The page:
“I think the biggest contributing factor to these motor vehicle fatalities is alcohol and drug abuse,” said McKenzie County Sheriff Gary Schwartzenberger. “People are not driving defensively. For example, I pulled over a working mother the other day with six kids in her vehicle. One of those kids was without a car seat. And another lady I pulled over was distracted by her cell phone. This is not a common sense approach to driving safely.”
According to the NDDOT, to date in 2015, nearly 25 percent of motor vehicle fatalities in McKenzie County were alcohol-related. And approximately 50 percent of the accident victims were not wearing their seat belt.
Of the 13 fatalities in McKenzie County to date in 2015, five of the victims were belted, six were unbelted, two were unknown if seat belts were being worn, and three were alcohol-related.
Exceeding the speed limit/driving too fast for conditions, inappropriate passing, failure to yield or stop, and distracted driving are also leading causes for motor vehicle accidents on state and county roads in McKenzie County.
“We live in a fast-paced world here,” said Karolin Jappe, McKenzie County Emergency manager. “People work hard, they miss their families, and they’re tired. And with not a lot to do here, people drink. They put in some long hours, and when they just want to let loose, people don’t always think straight or make the best decisions, like not putting on a seat belt. We get people too, that have never been around snow.”
As part of their program to improve traffic safety in McKenzie County, the NDDOT currently has a paving and widening project on N.D. Highway 23 from 7th Street in Watford City to the junction of 1806, and a paving, widening, and roundabout project on N.D. Highway 23 from one mile east of the junction of 1806 to the N.D. Highway 73 (Johnson Corners) intersection. And lastly, they have a widening, paving, and climbing lane project on N.D. Highway 23 east of Watford City from the junction of N.D. Highway 73 (Johnson Corners) north to near the junction of N.D. Highway 22.
“Work is continuing on the U.S. Highway 85 four-lane from McKenzie County Road 16 to Williston,” says Mongeon. “We have also installed a traffic signal at the intersection of the Watford City South Business Route (U.S. Highway 85B) and N.D. Highway 23 south of Watford City, and at the intersection of U.S. Highway 85 and N.D. Highway 68 near Alexander.”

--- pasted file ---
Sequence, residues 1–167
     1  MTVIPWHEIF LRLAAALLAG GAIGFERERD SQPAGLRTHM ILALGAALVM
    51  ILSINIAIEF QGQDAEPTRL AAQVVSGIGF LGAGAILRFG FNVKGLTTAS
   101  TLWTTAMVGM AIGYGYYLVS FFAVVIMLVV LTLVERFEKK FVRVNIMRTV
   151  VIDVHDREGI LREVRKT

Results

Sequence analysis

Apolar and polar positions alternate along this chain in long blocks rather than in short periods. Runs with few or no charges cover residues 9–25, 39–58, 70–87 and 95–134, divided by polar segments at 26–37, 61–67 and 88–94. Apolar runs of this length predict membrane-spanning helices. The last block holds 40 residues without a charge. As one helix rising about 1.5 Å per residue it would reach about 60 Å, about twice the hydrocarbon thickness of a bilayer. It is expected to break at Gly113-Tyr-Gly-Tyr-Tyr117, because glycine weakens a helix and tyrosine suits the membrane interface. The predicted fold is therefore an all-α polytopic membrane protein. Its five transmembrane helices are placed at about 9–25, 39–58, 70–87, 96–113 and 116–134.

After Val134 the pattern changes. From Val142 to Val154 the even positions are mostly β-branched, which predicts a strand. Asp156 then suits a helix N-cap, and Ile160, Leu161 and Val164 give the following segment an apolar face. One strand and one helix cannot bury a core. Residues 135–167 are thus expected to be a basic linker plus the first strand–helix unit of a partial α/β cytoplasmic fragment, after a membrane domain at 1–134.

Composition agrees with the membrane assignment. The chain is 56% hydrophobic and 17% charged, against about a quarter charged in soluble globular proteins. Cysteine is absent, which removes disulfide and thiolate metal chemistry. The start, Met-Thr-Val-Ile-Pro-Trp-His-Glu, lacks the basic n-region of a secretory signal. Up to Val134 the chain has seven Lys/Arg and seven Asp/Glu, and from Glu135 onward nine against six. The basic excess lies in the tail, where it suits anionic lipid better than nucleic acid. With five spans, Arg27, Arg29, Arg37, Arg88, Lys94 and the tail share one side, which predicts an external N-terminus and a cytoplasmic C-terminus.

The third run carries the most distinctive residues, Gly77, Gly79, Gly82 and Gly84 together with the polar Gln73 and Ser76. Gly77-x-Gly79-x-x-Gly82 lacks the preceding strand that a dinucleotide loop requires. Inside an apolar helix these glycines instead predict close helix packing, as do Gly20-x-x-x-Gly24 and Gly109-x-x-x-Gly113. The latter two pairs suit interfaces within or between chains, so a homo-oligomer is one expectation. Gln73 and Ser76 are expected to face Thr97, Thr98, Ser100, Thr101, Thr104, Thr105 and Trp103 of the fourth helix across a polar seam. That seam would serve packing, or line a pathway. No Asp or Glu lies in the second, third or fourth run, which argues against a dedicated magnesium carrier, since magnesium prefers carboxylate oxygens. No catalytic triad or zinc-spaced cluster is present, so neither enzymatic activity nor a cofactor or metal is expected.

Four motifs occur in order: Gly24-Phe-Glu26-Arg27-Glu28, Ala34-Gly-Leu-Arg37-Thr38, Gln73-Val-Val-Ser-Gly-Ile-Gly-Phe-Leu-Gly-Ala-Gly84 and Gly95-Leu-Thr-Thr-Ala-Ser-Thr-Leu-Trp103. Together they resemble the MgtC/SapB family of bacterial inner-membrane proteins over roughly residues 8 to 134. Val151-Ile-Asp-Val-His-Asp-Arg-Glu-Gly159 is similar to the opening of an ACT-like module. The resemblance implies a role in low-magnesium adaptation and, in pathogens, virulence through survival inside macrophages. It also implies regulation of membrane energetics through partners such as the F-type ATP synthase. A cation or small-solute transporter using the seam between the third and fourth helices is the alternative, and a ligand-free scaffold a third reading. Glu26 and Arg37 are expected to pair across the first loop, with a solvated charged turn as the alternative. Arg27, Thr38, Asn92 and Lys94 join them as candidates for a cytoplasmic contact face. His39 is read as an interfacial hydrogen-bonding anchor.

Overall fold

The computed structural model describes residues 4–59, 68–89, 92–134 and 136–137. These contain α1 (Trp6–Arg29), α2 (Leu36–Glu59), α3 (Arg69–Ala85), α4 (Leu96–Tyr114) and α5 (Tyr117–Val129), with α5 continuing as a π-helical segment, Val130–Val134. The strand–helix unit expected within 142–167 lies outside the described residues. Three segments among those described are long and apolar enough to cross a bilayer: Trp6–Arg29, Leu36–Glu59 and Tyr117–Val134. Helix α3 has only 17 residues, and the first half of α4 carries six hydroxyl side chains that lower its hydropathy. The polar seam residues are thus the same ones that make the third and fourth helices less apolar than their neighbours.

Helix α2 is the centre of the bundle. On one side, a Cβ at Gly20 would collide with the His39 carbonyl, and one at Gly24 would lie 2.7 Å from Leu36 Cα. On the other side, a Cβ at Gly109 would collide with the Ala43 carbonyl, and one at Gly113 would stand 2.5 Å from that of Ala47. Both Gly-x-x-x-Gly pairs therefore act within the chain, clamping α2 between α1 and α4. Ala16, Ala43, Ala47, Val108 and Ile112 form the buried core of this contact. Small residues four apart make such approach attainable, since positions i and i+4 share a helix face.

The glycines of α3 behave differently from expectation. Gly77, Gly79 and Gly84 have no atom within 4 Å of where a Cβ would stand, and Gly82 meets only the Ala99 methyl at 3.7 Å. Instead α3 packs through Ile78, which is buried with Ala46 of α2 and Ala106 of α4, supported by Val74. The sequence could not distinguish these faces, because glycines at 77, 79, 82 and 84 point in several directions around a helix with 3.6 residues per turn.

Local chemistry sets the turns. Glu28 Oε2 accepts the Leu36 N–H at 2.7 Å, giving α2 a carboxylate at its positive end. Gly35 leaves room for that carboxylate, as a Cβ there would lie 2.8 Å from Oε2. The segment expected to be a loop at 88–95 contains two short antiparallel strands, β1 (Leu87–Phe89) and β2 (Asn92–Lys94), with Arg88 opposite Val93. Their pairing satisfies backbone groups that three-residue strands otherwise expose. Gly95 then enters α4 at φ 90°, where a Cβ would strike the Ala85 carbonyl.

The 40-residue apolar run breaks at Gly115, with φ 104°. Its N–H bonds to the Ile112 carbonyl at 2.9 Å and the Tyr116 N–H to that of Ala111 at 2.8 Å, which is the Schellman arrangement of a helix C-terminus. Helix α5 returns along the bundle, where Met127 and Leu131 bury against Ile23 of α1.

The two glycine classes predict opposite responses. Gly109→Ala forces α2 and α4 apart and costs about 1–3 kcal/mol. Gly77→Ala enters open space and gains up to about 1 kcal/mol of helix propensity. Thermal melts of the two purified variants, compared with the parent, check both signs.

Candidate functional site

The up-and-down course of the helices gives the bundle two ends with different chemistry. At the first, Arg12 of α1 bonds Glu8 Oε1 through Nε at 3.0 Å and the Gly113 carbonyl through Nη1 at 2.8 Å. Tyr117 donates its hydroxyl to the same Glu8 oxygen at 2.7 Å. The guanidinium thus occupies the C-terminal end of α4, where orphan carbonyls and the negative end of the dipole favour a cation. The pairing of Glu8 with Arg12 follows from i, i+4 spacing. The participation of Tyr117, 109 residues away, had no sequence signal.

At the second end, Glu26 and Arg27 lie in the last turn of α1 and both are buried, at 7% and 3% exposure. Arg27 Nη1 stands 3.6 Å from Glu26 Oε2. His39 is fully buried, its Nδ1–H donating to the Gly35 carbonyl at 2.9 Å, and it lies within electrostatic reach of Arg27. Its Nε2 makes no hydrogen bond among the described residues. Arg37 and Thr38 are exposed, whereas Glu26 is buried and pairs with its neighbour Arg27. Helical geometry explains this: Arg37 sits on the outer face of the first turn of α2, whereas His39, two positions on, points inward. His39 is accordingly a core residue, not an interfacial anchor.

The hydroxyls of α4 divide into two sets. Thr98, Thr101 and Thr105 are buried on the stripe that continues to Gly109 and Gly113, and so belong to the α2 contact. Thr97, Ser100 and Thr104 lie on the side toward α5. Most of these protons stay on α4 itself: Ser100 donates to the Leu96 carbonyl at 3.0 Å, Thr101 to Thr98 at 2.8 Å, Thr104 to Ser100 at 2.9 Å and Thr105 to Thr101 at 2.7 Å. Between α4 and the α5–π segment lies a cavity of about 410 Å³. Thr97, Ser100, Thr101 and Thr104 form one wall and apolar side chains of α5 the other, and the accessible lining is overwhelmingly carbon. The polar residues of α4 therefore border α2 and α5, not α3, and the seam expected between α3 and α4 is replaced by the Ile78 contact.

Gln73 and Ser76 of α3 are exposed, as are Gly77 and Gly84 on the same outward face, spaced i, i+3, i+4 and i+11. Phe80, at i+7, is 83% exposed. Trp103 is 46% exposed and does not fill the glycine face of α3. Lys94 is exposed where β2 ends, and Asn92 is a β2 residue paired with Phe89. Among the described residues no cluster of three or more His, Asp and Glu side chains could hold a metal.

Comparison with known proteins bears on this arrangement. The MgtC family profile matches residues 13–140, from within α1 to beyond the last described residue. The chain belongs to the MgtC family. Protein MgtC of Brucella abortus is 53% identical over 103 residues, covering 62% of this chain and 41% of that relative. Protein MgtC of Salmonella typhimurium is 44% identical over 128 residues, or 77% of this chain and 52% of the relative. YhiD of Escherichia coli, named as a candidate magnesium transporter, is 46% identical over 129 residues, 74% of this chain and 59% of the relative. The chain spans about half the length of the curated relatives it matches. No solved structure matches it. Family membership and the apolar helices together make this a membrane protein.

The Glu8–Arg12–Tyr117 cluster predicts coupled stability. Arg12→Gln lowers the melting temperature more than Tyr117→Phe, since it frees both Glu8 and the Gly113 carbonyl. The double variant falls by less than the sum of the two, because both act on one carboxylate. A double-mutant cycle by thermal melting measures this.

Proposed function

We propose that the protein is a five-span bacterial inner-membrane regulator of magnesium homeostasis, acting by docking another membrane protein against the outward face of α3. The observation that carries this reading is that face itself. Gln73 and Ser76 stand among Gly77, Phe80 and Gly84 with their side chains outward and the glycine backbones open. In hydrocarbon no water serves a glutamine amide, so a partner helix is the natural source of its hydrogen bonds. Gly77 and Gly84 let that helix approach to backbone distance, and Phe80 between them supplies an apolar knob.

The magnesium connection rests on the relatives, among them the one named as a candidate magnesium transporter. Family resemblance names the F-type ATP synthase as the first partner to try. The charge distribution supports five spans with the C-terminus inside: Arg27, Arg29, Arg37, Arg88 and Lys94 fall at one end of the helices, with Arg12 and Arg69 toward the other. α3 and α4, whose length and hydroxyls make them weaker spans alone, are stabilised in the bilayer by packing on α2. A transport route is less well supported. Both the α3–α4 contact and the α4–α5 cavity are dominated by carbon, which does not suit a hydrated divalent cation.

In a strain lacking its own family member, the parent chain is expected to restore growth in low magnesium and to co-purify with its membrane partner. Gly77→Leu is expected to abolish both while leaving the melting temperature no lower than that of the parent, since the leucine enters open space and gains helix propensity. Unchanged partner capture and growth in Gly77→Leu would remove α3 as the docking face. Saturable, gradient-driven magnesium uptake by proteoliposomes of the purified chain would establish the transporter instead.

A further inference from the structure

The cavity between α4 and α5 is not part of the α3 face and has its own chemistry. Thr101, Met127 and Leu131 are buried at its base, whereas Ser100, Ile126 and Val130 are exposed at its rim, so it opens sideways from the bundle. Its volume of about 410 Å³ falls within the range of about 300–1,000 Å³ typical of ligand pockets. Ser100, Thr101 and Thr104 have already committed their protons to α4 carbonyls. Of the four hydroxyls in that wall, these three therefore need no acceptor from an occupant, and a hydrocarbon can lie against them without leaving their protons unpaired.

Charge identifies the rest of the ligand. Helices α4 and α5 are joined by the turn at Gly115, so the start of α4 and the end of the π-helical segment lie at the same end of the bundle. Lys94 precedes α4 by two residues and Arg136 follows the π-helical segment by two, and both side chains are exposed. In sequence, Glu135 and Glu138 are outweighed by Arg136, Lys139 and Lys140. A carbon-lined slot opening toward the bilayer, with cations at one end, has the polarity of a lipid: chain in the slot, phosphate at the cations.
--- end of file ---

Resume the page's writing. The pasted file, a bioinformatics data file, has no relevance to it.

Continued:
According to Mongeon, the NDDOT is also working on a slide repair project on Highway 85 from two miles south to one mile north of the Long X Bridge.”
Jappe says she is very grateful for what the NDDOT has done so far on the roadways in McKenzie County. She does, however, have concerns with the middle lane of U.S. Highway 85 and hopes that it can be addressed sometime in the near future.
“I think the four-lane expansion has been great for the flow of traffic,” stated Schwartzenberger. “It’s people not being responsible that is causing the accidents. A vehicle is a weapon and people need to be responsible drivers. You can make your own choices, but you can’t choose your consequences. Make good choices, drive defensively, and drive responsibly and within the parameters of the law.”
Mongeon says the factors involved in motor vehicle fatalities in McKenzie County are preventable. She says fatalities can be reduced if motorists consistently follow all the traffic laws including following the speed limits, driving distraction-free, always wearing seat belts, and driving sober.
The NDDOT recently launched the Crash Memorial Wall on a web page for family members to create memorials of those lost in motor vehicle crashes in North Dakota, with the hope that sharing these stories will offer comfort to families and friends, and will be an educational opportunity for viewers to help prevent future tragedies.